Progressive Muscle Relaxation for Stress and Insomnia
In this article
Progressive muscle relaxation (PMR) is a deep relaxation technique that has been effectively used to control stress and anxiety, relieve insomnia, and reduce symptoms of certain types of chronic pain. Progressive muscle relaxation is based upon the simple practice of tensing, or tightening, one muscle group at a time followed by a relaxation phase with release of the tension. Doctors have used progressive muscle relaxation in combination with standard treatments for symptom relief in a number of conditions, including headaches, cancer pain, high blood pressure, and digestive disturbances.
The technique of progressive muscle relaxation was described by Edmund Jacobson in the 1930s and is based upon his premise that mental calmness is a natural result of physical relaxation. Progressive muscle relaxation can be learned by nearly anyone and requires only 10 minutes to 20 minutes per day to practice.
By Bob Barnett
The Rumor: Music can help you sleep
Most of us have nodded off to a relaxing tune before, but what if you purposefully listened to music when you went to bed? Could it help you sleep?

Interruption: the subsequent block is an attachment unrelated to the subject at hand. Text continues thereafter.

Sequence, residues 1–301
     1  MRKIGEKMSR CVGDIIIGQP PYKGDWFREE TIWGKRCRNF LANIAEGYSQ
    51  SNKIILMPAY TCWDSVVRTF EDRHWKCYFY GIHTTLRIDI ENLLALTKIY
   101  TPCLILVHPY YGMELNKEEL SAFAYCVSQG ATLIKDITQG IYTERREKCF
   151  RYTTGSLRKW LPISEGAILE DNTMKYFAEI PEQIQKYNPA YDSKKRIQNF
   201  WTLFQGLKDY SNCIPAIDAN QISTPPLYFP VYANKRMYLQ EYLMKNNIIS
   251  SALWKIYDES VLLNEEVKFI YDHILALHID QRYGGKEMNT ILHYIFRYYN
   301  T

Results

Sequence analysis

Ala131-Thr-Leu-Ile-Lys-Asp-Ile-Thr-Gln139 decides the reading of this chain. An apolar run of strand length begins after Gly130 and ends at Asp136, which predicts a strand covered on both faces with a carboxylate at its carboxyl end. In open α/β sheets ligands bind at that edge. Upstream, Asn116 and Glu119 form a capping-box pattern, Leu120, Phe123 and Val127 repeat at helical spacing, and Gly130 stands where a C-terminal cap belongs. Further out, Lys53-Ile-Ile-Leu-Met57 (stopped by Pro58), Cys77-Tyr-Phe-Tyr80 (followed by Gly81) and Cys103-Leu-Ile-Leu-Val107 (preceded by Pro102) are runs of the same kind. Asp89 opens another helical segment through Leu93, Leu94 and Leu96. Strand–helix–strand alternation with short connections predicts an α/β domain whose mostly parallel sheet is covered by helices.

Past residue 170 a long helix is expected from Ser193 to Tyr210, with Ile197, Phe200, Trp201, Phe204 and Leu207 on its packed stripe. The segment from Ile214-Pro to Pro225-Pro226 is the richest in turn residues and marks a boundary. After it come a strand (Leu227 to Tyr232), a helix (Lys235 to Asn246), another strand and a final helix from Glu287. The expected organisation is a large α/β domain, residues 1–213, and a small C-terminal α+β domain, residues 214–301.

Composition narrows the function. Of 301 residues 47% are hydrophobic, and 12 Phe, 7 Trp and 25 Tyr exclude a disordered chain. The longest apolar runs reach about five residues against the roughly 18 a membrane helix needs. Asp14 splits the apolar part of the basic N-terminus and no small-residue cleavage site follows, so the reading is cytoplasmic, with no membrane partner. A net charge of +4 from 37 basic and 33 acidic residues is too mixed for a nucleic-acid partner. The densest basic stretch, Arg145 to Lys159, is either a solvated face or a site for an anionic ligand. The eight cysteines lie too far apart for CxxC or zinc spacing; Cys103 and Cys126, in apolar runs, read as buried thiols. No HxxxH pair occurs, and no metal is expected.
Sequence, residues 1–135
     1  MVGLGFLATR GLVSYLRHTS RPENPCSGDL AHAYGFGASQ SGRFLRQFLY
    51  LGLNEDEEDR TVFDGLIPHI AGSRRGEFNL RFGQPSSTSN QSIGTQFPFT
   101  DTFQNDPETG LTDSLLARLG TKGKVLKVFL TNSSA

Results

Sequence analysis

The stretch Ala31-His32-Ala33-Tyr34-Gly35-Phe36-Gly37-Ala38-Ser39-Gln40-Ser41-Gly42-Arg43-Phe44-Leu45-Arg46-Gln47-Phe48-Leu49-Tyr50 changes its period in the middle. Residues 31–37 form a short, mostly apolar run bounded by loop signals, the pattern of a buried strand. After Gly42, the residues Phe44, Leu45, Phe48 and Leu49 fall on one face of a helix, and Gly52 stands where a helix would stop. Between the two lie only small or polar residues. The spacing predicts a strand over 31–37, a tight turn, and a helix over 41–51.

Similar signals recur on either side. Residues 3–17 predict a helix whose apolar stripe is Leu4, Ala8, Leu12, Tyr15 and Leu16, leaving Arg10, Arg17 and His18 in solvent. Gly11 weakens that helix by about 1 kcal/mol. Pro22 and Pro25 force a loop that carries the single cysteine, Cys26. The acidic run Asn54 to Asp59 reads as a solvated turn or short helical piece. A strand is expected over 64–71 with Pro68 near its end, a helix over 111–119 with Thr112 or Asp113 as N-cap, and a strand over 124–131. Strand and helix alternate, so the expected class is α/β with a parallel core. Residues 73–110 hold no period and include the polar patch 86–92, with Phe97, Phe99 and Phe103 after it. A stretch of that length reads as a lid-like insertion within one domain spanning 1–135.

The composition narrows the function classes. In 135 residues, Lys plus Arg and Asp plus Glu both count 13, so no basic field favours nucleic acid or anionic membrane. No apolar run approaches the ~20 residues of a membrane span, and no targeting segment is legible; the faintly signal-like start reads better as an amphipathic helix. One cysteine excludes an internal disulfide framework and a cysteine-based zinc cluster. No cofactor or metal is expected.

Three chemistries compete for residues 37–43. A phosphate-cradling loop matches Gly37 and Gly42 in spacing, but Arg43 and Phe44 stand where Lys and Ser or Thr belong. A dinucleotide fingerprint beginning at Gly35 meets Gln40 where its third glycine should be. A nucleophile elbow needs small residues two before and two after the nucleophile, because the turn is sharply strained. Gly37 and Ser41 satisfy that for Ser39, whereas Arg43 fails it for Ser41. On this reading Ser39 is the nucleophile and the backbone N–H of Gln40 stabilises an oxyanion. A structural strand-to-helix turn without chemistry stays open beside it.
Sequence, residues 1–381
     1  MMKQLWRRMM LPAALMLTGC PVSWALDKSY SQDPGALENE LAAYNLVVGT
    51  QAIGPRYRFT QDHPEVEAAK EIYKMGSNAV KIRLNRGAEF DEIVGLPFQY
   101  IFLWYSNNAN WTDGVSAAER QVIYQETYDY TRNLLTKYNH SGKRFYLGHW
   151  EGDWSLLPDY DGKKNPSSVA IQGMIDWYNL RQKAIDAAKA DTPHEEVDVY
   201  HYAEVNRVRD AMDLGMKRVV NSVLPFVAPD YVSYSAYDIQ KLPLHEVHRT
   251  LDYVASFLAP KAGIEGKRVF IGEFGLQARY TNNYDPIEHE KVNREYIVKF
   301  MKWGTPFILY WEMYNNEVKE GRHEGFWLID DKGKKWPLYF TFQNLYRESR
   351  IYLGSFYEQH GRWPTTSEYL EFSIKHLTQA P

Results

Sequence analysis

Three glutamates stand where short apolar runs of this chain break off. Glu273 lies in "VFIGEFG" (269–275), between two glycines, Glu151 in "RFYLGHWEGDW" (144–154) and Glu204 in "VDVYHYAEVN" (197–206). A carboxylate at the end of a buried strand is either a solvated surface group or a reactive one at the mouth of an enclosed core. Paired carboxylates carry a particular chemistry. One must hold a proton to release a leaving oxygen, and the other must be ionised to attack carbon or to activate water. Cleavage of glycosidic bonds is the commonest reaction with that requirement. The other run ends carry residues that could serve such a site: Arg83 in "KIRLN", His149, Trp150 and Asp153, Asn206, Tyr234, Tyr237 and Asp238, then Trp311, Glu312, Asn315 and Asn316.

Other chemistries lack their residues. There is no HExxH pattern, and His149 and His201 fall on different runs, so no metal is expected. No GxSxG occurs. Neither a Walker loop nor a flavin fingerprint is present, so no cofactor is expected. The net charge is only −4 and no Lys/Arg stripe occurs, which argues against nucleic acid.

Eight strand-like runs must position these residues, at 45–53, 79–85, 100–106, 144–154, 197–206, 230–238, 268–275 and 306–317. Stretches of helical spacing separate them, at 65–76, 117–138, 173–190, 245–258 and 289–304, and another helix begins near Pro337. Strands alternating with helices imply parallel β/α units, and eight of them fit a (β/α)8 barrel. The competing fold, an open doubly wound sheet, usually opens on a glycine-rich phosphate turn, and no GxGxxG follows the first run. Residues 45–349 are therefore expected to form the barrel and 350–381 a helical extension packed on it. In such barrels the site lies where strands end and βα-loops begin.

The Verdict: Certain music may indeed help you catch better Z's
“Yes, there is data that suggests that music can help people fall asleep,” says Michael Breus, Ph.D., upwave sleep expert and author of The Sleep Doctor's Diet Plan: Simple Rules for Losing Weight While You Sleep. But the kind of music...
Most practitioners recommend tensing and relaxing the muscle groups one at a time in a specific order, generally beginning with the lower extremities and ending with the face, abdomen, and chest. You can practice this technique seated or lying down, and you should try to practice with comfortable clothing on, and in a quiet place free of all distractions.
Here is how it works;
While inhaling, contract one muscle group (for example your upper thighs) for 5 seconds to 10 seconds, then exhale and suddenly release the tension in that muscle group.
Give yourself 10 seconds to 20 seconds to relax, and then move on to the next muscle group (for example your buttocks).
While releasing the tension, try to focus on the changes you feel when the muscle group is relaxed. Imagery may be helpful in conjunction with the release of tension, such as imagining that stressful feelings are flowing out of your body as you relax each muscle group.
Gradually work your way up the body contracting and relaxing muscle groups.
People who suffer from insomnia often report that practicing progressive muscle relaxation at night helps them fall asleep. Progressive muscle relaxation is also an excellent tool to help learn about the body and the signals it may bet telling you. With practice and time, you can learn to accurately identify and diminish the signs and signals of stress and tension in your body.